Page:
As the Supreme Court gratuitously grabs at the question of whether states, when drawing their own legislative districts, may count residents who are ineligible to vote, I’m trying very hard to find some basis to disagree with Josh Marshall’s assessment:
It is increasingly difficult to find any unifying theory or rationale behind the Supreme Court’s election and election financing decisions other than the goal of securing the electoral interests of the Republican party. That sounds harsh. But a simple process of elimination leaves little other conclusion. States rights, originalism, deference to legislatures, various constructions of democratic theory and a lot else are controlling except when they’re not controlling. Most of the decisions line up with the conservative jurisprudence espoused by the Court’s conservative semi-majority. Except when they don’t. Cases are plucked out of the lower courts long before the high court has any obligation or need to intervene. The new case which will review the ‘one person, one vote’ rule which has been reining [sic] law for half a century would likely diminish the voting power of cities vs rural areas, minorities vs whites and Democrats vs Republicans, if decided on behalf of the plaintiffs. In other words, why not?
The short version of the dispute: In 1964, the Supreme Court held, in Reynolds v. Sims, that state legislative districts have to be drawn in compliance with the principle of “one man one vote.” The ruling capped a series of Warren Court decisions designed to address the problem of rural over-representation in legislatures resulting from a decades-long unwillingness to redraw district lines to account for population shifts caused by urbanization. What the Supreme Court never settled conclusively was the matter of who counts as a person when apportioning according to one person-one vote.
The plaintiffs in Evenwel v. Abbott, two rural Texans represented by Project on Fair Representation (the conservative legal group known for its attacks on affirmative action and its takedown of key portions of the Voting Rights Act), are claiming that reliance on total population results in districts that are roughly equal in population, but unequal in eligible-voter population.The resulting “vote dilution,” in their view, constitutes a violation of the Fourteenth Amendment’s Equal Protection Clause, akin to the injury claimed by urban dwellers pre-Reynolds.
Other observers have pointed out how a victory for the petitioners would result in decreased representation for communities featuring disproportionate numbers of individuals who are ineligible to vote, such as children, prisoners, or non-citizen immigrants. But there are two other insidious, yet under-appreciated, dimensions:
- A victory for the petitioners would create perverse incentives to enact the modern equivalent of the notorious three-fifths compromise, in which each slave counted as 3/5 of a person for purposes of apportioning House seats and, by extension, votes in the Electoral College. Article 1, Section 2 of the Constitution states that House seats are to be apportioned according to “their respective Numbers, which shall be determined by adding to the whole Number of free Persons, including those bound to Service for a Term of Years, and excluding Indians not taxed, three fifths of all other Persons.” The Fourteenth Amendment removed the three-fifths language but left the remainder intact. At first blush, then, the references to persons, as opposed to voting-age persons or even citizens, would appear to present a substantial barrier to the petitioners’ claim. But the issue at hand in Evenwel isn’t about apportioning representation to states, the subject of the quoted text above; it’s about apportioning electoral power within states. If the petitioners’ claim is upheld, Texas could gain national-level political clout by virtue of its sizable population of non-citizen residents, while at the same time denying those individuals any voice in government at the state level, and perhaps later at the federal level if the logic of Evenwel were to be extended to congressional districting.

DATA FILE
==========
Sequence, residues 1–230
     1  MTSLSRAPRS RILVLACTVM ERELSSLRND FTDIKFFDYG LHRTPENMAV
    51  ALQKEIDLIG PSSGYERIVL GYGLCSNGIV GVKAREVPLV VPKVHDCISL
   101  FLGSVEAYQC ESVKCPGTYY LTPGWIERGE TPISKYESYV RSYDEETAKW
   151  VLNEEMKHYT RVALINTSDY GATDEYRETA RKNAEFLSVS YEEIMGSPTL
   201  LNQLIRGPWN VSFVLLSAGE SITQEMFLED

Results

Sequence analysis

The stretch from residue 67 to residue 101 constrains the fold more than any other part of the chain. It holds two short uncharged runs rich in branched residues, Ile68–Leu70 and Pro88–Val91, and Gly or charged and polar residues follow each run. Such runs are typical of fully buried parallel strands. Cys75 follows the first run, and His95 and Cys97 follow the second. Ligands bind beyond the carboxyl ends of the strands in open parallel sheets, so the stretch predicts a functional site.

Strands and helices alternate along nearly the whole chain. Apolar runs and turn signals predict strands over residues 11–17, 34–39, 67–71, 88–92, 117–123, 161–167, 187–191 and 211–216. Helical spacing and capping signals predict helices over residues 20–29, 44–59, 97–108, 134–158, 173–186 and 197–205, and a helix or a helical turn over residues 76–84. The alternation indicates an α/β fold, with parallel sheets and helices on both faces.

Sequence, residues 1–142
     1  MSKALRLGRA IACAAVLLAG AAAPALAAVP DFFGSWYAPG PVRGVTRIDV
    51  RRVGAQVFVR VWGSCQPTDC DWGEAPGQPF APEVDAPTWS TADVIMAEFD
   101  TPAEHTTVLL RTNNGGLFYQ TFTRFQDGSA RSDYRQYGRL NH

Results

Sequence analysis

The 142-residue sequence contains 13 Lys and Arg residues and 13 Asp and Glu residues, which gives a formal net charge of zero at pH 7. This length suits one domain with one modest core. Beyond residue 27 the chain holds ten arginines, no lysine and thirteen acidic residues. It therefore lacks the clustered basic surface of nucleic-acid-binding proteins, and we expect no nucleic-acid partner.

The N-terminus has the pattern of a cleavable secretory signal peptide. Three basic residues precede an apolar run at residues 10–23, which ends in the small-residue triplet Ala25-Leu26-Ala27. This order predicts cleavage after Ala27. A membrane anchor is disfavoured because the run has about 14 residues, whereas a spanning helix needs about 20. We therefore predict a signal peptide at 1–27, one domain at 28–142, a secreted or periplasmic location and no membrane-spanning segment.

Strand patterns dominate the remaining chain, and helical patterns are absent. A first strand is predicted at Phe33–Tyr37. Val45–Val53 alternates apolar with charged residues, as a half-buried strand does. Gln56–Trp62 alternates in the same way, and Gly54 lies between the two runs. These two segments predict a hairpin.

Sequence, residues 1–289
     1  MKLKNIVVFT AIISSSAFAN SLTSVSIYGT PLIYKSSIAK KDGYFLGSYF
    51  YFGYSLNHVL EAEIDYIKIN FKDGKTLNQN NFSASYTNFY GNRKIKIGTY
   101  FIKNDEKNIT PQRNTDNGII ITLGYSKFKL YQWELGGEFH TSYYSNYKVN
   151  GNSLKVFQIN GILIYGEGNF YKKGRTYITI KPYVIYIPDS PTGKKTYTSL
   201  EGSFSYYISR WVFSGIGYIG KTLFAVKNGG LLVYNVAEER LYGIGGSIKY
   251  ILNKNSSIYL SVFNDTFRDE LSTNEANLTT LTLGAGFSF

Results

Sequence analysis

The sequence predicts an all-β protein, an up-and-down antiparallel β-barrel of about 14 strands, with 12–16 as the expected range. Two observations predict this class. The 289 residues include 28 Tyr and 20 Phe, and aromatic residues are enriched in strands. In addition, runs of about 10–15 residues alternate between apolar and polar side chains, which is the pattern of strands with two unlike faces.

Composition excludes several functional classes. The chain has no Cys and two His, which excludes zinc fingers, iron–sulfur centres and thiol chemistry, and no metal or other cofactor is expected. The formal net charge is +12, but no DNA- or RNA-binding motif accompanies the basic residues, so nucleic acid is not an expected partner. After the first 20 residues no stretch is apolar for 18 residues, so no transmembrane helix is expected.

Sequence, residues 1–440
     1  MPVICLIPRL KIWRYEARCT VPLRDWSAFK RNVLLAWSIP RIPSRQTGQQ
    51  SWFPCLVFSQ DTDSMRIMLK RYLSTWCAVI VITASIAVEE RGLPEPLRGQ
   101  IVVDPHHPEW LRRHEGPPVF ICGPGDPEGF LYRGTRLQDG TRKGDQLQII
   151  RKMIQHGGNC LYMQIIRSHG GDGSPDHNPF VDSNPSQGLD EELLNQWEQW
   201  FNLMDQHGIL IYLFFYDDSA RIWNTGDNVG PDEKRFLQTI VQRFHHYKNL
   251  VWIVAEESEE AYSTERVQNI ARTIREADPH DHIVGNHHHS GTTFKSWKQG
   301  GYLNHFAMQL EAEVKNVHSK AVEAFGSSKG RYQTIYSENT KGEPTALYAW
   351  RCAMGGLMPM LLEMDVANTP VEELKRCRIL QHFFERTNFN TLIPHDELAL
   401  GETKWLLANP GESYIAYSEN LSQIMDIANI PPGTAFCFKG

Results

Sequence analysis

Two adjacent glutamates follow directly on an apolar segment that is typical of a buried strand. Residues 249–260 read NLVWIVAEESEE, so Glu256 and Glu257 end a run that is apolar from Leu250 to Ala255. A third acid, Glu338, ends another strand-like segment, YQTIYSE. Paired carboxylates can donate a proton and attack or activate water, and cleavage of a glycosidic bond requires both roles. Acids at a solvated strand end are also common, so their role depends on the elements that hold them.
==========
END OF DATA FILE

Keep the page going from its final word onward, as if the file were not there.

- A win for the petitioners creates a specific perverse incentive when it comes to restoring voting rights to ex-felons. While states have generally moved since the mid-1990s toward making it easier for felons to have their voting rights restored, a few have moved in the opposite direction. For example, in 2011 Florida reversed a four-year-old liberalization and now requires ex-felons to wait between five and seven years before they may apply for reinstatement. Iowa similarly imposed a requirement to apply for reinstatement, while South Carolina and Tennessee expanded the category of ex-felons ineligible for reinstatement. These restrictions are hardly neutral in their effects, given the demographics of America’s prison population and persistent racially polarized politics. As a result, any effort at liberalization would have to overcome opposition motivated at least in part by concerns that restoring voting rights would boost Democrats’ electoral chances.
If you favor the status quo, you can take comfort in the unwillingness of any federal court to agree with the petitioners’ position. But you should also be concerned that the Supreme Court was so eager to tackle an issue on which lower courts have been unanimous to date. And you better hope that Josh Marshall is wrong on this one.